MICC responsive to urgent Army Futures Command contract needs
1 / 2 Show Caption + Hide Caption – The expedited research and collaboration efforts by Stephen Noethen and Colleen Rye in June in support of an Army Futures Command contract requirement for 200 software licenses sustained the command’s collaboration capability for its Army Software Factory. Noethen is the mission division chief and Rye is a contract specialist for the Mission and Installation Contracting Command-Fort Sam Houston contracting office in Texas. (Photo Credit: Ben Gonzales) VIEW ORIGINAL
MICC responsive to urgent Army Futures Command contract needs
2 / 2 Show Caption + Hide Caption – The Austin-based Software Factory is the first-of-its-kind concept for the Army that is leveraging a train-with-industry pipeline to empower Soldiers and Civilians to scope and solve problems with modern software practices. (Photo Credit: Luke Allen) VIEW ORIGINAL

JOINT BASE SAN ANTONIO-FORT SAM HOUSTON, Texas (July 1, 2021) -- The accelerated research and responsive mission partner support efforts to procure 200 software licenses in a span of a week by contracting professionals at Fort Sam Houston, Texas, in June is sustaining secure collaboration capabilities in a nontraditional network environment for the Army Software Factory.

Army Futures Command officials headquartered in Austin, Texas, reached out to the Mission and Installation Contracting Command-Fort Sam Houston contracting office June 7 with the urgent need for the software requirement after exhausting other procurement vehicles and outreach for recommendations.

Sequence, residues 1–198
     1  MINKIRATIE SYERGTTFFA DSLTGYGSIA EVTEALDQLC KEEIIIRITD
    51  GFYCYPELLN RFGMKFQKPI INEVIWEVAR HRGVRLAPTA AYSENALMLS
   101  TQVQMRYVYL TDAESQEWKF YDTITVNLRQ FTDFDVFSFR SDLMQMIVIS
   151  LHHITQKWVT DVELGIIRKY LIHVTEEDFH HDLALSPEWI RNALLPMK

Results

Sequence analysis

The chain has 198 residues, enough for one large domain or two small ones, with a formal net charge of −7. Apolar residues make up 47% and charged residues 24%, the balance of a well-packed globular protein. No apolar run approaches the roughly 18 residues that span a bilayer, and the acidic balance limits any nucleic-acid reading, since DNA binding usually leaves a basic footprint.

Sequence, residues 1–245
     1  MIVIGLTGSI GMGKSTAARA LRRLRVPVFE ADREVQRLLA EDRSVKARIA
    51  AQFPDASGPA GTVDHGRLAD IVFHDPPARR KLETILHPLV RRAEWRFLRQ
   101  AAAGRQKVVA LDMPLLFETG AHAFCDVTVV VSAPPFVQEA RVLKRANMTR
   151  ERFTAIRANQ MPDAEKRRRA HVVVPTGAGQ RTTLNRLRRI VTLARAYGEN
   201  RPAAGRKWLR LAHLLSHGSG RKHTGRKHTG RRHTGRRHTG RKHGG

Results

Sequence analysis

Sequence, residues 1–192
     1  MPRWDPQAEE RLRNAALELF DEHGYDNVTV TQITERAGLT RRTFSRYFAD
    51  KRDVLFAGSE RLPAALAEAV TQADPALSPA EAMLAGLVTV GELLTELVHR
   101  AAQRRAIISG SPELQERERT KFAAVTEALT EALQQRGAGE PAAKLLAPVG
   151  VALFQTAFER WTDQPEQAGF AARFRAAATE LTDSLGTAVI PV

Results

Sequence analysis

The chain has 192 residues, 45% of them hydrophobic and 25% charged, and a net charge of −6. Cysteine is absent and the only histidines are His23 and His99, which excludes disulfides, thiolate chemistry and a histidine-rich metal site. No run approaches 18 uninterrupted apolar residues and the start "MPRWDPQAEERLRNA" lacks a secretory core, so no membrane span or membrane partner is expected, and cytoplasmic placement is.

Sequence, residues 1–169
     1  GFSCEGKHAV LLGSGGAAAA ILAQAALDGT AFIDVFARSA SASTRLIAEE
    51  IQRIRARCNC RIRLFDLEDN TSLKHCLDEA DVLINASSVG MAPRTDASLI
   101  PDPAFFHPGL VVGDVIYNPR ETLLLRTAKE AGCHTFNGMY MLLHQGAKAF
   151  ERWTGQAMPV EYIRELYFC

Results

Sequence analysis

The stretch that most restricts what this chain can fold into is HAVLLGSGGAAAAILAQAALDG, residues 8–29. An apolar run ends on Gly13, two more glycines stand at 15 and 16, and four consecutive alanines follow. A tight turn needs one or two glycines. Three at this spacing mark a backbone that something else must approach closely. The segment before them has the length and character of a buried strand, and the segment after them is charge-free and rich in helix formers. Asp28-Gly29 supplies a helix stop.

Prompting the need for the software was the service’s migration to Army 365 on June 15 that proved problematic for the Army Software Factory’s unique, collaborative nature with its 26,000-plus workforce across the Army, industry, science and academia. AFC officials announced the establishment of the Soldier-led Software Factory in 2020, which celebrated its grand opening in April 2021 at Austin Community College.

“The guiding principal of the Army Software Factory is to operate ‘by Soldiers, for Soldiers,’” said Maj. Vito Errico, the Army Software Factory co-director. “The sunset of commercially available Microsoft Teams across the Army meant that the Army Software Factory would need a new way to reach its users and collaborate across a wide variety of stakeholders in the Army, academia and industry. By teaming with the MICC’s proactive and responsive team, the Software Factory was able to continue uninterrupted operations without costly program delays and risks to user engagement across the Army.”

Patrick Morse, the director of contracting for Army Futures Command, explained the Army Software Factory is an integrated software development initiative to teach, develop and employ self-sustaining talent from all ranks within the military and civilian workforce.